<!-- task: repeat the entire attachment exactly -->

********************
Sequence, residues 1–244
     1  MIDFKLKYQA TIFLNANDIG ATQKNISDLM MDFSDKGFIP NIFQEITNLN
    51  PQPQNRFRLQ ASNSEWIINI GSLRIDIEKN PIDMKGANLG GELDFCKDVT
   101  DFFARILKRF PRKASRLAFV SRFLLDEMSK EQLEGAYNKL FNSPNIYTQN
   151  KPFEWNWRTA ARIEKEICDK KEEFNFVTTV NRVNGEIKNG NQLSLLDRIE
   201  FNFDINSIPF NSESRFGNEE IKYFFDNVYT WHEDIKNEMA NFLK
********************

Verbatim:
Sequence, residues 1–244
     1  MIDFKLKYQA TIFLNANDIG ATQKNISDLM MDFSDKGFIP NIFQEITNLN
    51  PQPQNRFRLQ ASNSEWIINI GSLRIDIEKN PIDMKGANLG GELDFCKDVT
   101  DFFARILKRF PRKASRLAFV SRFLLDEMSK EQLEGAYNKL FNSPNIYTQN
   151  KPFEWNWRTA ARIEKEICDK KEEFNFVTTV NRVNGEIKNG NQLSLLDRIE
   201  FNFDINSIPF NSESRFGNEE IKYFFDNVYT WHEDIKNEMA NFLK